Purchase option extended for solar energy company
JACKSON — The Northampton County Board of Commissioners have agreed to extend the option to purchase land at the Northampton Commerce Park for solar energy company 510nano.
Last week the board agreed to the extension of the option to purchase, but also directed County Attorney Charles Vaughan to request financial statements from the company to verify the project can be completed.
In June, the board approved a general agreement with 510nano for the $210,000 purchase of a 25-acre portion of the Northampton Commerce Park on Lebanon Church Road west of Interstate 95 between Garysburg and Gaston. The county gave the company the option to purchase the property from June 19 to December 31.
The company proposes to invest a minimum of $6 million in development of a 1.4 megawatt solar electric energy generation facility in the first phase of the project, which would create one full-time position and one part-time position.
“The company has requested the six month extension of the option to purchase to allow additional time for project design, engineering and permitting with Dominion North Carolina Power,” said Economic Development Commission Director Gary Brown.
He noted under the original option to purchase, 510nano paid a option fee of five percent of the total purchase price ($10,500). With the extension, an additional $10,500 would be paid to the county.
During discussion, County Manager Wayne Jenkins reminded the board of some issues the extension of the option would create.
He said the project would add some new jobs to the county, but there is no financial benefit to the county and there would be no tax benefit to the county because the North Carolina General Assembly had done away with 80 percent of ad valorem taxes for green project investments.
“We’re just going through a revaluation in our county,” he said. “Our tax administrator stood before us and told us there is an increase (value) in farmland and this is farmland. So that has not been taken into account with the redraft of this plan.”
Brown agreed there had been no recalculation of the value of the land.
“So based upon your comment County Manager Jenkins, this additional five percent fee, $10,500, with the value of land increasing, are you suggesting that we increase that fee,” asked Commissioner Robert Carter.
Jenkins said he was not and only calling to the board’s attention what the tax administrator had reported to them previously.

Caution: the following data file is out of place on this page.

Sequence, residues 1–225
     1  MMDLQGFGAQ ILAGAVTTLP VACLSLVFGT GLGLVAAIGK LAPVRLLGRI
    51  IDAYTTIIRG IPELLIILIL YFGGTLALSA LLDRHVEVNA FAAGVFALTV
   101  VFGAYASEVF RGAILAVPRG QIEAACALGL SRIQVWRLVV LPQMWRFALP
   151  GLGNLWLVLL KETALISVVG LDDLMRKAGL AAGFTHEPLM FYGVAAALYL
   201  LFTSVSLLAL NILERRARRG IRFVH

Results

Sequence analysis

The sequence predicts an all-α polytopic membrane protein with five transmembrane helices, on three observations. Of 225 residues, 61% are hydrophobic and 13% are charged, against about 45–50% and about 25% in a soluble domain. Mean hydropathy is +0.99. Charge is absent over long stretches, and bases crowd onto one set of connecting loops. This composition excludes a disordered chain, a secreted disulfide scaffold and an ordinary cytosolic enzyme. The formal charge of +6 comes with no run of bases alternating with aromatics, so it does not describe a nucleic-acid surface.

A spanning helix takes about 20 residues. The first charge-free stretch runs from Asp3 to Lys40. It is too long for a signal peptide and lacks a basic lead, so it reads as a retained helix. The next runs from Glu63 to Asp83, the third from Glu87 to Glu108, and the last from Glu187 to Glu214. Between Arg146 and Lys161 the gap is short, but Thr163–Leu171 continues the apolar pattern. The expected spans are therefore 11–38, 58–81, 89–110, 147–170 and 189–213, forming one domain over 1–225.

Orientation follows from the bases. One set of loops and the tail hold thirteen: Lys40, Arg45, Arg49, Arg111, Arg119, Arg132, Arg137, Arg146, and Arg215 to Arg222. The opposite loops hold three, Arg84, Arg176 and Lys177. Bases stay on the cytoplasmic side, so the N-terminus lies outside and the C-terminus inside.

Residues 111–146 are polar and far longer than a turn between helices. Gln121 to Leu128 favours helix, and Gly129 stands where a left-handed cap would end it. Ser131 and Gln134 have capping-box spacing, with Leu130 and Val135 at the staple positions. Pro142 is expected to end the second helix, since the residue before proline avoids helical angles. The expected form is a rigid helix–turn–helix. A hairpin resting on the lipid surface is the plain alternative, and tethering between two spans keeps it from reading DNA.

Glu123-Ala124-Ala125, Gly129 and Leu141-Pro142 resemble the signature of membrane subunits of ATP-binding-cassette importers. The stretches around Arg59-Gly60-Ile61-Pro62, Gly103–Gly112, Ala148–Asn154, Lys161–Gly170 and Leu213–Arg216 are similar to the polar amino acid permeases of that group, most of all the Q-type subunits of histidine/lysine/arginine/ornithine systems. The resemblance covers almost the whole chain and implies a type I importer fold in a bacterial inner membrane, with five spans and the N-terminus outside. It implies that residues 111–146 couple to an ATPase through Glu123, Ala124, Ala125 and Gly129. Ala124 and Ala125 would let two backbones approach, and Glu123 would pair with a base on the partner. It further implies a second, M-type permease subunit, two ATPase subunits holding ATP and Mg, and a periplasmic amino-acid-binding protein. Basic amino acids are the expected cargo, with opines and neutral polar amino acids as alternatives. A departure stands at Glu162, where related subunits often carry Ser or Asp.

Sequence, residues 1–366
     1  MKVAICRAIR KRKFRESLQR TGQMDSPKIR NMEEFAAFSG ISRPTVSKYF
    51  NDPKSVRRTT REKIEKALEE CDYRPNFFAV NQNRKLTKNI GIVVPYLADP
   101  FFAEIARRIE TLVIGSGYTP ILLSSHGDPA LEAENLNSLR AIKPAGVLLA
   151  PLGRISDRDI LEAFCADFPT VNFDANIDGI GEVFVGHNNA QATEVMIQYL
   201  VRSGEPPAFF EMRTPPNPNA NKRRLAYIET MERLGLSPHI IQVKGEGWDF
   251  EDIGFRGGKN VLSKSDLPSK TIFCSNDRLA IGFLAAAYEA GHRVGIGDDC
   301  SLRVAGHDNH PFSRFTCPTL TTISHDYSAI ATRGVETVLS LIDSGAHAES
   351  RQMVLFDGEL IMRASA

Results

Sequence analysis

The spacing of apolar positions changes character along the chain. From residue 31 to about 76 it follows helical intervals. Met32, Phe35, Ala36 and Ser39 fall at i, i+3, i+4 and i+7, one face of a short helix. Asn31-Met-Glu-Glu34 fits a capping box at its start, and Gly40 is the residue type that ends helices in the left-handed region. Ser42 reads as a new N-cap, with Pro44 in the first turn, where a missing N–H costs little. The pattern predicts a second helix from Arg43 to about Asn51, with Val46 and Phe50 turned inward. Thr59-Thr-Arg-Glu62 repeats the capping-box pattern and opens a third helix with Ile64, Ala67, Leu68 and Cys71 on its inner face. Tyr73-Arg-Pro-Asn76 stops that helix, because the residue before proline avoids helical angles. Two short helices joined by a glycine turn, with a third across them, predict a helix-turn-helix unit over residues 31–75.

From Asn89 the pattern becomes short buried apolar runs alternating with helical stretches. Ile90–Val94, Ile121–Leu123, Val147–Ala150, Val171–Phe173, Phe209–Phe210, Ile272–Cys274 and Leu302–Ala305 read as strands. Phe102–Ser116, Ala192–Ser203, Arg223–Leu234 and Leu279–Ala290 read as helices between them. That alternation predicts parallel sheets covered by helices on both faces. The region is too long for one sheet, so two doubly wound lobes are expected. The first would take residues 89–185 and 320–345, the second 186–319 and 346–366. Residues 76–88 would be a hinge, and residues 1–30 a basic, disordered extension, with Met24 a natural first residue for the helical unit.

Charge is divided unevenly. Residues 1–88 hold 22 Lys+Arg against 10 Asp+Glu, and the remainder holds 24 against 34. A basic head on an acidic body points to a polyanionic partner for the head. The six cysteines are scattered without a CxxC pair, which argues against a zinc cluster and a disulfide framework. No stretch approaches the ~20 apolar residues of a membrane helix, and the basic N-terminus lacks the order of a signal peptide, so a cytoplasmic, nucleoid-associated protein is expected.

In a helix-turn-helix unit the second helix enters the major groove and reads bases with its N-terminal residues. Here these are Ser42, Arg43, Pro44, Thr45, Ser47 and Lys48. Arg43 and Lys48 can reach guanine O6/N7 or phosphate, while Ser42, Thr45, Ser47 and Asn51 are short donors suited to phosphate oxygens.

“If it’s no benefit to the county, why do we want it,” asked Commissioner Chester Deloatch.
“The benefit to the county, in my opinion, is the fact that it sort of pushes Northampton County out as a leader in developing green energy products and green energies, it could bring some recognition to the county,” responded Jenkins.
After further discussion, Vice Chairman James Hester asked if the company had any money to complete the project.
Brown responded that he didn’t know.
“We don’t have any information, or at least I don’t, regarding the financial situation of this corporation,” said County Attorney Charles Vaughan.
“Can you get a financial statement,” asked Deloatch.
“We can ask for it,” said Vaughan.
“I wish we would because we’re tying up 25 acres of land and some company comes by and says ‘we want to buy 25 acres of land, we’re going to employ 10-15 people’, we don’t have that piece of land,” said Hester.
After further discussion, Vaughan noted that after the agreement to the extension and the option fee is paid the county is locked in for another six months as far as the purchase price and the terms.
“So if you want to have some additional knowledge of the financial status of the corporation, I would suggest you do that before you vote to extend the option,” he said.
Carter said he agreed that the board stay the decision on the extension for 15-30 days in order to look at the financial situation of the company.
Jenkins noted the option would expire at the end of the month.
Hester asked if the board could extend the option to purchase, but also have Vaughan request a financial statement.
Vaughan noted that could be done, but the county would still be agreeing to the extension no matter what the statements showed.
“But only for six months,” said Hester.
Carter said he agreed with Hester.
“This property has been up there for how long doing nothing Mr. Jenkins,” said Carter.
“About five or six years,” Jenkins responded.
“Ok, let’s extend the option for six months and at the same time we will investigate the financial condition (of the company),” said Carter, who then made a motion.
Hester offered a second. The motion passed without objection.